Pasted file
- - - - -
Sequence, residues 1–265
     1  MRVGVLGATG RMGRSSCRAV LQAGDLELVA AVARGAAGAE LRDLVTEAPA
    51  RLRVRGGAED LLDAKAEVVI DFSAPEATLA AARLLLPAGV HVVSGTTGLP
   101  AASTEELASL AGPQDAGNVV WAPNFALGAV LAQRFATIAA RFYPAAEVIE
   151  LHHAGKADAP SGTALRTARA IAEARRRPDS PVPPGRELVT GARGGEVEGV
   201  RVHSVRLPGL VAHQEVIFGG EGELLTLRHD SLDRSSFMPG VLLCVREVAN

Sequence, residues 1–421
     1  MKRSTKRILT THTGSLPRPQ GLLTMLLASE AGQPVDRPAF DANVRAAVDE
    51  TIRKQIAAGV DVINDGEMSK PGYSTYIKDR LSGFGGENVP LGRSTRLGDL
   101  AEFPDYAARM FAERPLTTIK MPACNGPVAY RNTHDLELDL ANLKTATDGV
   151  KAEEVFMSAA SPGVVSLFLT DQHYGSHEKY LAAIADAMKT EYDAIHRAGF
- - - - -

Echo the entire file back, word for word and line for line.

Sequence, residues 1–265
     1  MRVGVLGATG RMGRSSCRAV LQAGDLELVA AVARGAAGAE LRDLVTEAPA
    51  RLRVRGGAED LLDAKAEVVI DFSAPEATLA AARLLLPAGV HVVSGTTGLP
   101  AASTEELASL AGPQDAGNVV WAPNFALGAV LAQRFATIAA RFYPAAEVIE
   151  LHHAGKADAP SGTALRTARA IAEARRRPDS PVPPGRELVT GARGGEVEGV
   201  RVHSVRLPGL VAHQEVIFGG EGELLTLRHD SLDRSSFMPG VLLCVREVAN

Sequence, residues 1–421
     1  MKRSTKRILT THTGSLPRPQ GLLTMLLASE AGQPVDRPAF DANVRAAVDE
    51  TIRKQIAAGV DVINDGEMSK PGYSTYIKDR LSGFGGENVP LGRSTRLGDL
   101  AEFPDYAARM FAERPLTTIK MPACNGPVAY RNTHDLELDL ANLKTATDGV
   151  KAEEVFMSAA SPGVVSLFLT DQHYGSHEKY LAAIADAMKT EYDAIHRAGF